- Summer of 2010 free agency class, headed by LeBron James who used a primetime show to issue his “decision” to join the Miami HEAT.
- Carmelo Anthony’s impending free agency, trade rumors and finally the deal which shipped him to the New York Knicks.
- Chris Paul’s same journey, which mirrored Anthony’s and ultimately landed him with the emerging Los Angeles Clippers.
- Dwight Howard’s current free agency saga, which is coming up on a year of more twists and turns than a Hollywood thriller.
Do you realize over the past twenty years only nine NBA franchises have won a championship? The current system gives fans of every NBA franchise hope each season, despite the numbers, that their general management team can potentially land a star of the future.
In fact, the current system is exactly what NBA commissioner David Stern wants.
“To me, it is the soap opera our fans turn in for – the drama on the court and the drama off the court,” Stern said in a recent USA Today feature. “When we cease to have a story popping up, we probably won’t exist. I think what it is, is that that’s the way we are. That’s the way it has been in baseball and the NFL and hockey and basketball. And frankly, it engages our fans, it engages our reporters, it engages our bloggers. It makes people happy, mad, sad. It’s just the life in sports.”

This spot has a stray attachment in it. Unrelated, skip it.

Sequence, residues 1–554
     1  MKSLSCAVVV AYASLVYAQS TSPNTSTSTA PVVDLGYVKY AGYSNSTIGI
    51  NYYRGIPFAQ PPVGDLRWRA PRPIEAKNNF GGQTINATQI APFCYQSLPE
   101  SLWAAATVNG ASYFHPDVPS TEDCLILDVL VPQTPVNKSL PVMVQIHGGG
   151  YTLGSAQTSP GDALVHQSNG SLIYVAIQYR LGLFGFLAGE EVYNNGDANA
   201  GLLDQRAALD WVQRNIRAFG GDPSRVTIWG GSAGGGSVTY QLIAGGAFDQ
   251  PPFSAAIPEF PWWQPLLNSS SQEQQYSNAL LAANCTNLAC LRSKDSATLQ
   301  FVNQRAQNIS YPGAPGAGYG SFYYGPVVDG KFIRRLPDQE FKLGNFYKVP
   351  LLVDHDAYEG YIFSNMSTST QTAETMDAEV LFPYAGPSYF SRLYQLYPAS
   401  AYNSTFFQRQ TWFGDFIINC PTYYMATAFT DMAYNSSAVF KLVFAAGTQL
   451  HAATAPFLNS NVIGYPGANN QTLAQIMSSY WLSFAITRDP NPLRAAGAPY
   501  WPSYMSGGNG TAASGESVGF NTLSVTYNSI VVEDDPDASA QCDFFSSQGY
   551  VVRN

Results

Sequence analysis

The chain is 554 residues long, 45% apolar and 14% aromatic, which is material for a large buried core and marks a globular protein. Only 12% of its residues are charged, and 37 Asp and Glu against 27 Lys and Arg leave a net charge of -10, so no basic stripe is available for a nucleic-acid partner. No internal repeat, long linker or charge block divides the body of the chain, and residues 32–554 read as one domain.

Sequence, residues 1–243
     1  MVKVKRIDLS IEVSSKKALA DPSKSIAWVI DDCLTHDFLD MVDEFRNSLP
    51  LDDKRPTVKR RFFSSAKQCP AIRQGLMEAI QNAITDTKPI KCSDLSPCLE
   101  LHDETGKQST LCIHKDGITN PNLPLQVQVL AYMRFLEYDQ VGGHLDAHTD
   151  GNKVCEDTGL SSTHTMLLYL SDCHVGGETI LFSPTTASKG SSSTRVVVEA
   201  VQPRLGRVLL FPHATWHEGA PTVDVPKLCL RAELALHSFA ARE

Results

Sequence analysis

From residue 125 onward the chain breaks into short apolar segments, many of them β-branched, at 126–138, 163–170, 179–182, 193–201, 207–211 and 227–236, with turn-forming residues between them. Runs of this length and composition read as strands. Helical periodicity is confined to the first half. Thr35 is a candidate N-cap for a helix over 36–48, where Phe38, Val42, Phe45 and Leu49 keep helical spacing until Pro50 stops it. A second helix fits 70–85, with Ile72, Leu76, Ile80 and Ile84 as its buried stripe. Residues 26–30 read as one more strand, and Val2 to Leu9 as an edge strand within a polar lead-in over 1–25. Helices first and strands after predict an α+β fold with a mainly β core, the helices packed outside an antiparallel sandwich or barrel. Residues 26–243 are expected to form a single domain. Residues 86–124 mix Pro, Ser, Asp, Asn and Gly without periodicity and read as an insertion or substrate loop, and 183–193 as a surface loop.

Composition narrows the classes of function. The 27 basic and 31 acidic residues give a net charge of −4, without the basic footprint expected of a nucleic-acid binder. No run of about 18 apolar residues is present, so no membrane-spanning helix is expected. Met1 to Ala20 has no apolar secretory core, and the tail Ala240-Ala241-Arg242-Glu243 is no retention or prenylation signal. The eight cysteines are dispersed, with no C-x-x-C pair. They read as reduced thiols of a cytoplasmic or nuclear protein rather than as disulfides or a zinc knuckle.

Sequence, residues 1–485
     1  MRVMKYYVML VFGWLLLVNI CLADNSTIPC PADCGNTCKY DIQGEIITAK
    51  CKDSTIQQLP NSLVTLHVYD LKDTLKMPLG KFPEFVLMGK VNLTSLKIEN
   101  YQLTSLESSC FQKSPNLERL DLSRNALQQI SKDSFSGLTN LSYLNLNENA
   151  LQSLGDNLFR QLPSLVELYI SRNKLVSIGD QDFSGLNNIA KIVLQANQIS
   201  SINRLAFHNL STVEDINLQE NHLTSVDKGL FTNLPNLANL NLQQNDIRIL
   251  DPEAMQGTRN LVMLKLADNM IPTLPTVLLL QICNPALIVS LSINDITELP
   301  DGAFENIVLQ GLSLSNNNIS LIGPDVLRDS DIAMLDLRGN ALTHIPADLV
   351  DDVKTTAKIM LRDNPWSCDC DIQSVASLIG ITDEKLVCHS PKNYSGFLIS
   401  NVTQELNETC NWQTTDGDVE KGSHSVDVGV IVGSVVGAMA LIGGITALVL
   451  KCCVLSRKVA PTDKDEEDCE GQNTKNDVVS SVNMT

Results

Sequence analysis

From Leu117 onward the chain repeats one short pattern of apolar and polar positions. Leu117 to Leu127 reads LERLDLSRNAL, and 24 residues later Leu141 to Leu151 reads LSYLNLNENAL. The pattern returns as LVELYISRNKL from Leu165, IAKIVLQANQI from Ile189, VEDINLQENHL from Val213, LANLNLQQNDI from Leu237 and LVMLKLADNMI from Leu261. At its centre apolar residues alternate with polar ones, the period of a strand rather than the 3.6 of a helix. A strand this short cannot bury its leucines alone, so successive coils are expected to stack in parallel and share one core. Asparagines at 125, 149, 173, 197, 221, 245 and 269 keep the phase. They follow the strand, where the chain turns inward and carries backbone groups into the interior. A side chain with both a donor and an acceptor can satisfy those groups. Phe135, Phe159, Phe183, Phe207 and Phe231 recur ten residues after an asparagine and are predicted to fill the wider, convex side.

Yes, the drama surrounding guys like James, Anthony, Paul and Howard can get a bit overwhelming and downright frustrating at times. But at the end of the day it’s like the fender bender on your rush hour commute home, where everyone is aggravated sitting through it but somehow manage to slow down enough once they get near the wreck to observe and report the damage to a friend later in the evening.
People want to hear about free agency classes and love to dream up fantasy scenarios three years down the road. People love to create complex six-team trade proposals in the hope of landing their team a star. It’s the drama, the love of the game and a genuine interest in the sport creating this news environment. Why go against the grain of customer demand? There’s no need to do so.
Joel Brigham: About eight months ago, pretty much right after the lockout was lifted, HOOPSWORLD’s traffic exploded. It had quite a bit to do with the fact that basketball was back, but the numbers were so much higher than usual for two reasons: Chris Paul and Dwight Howard.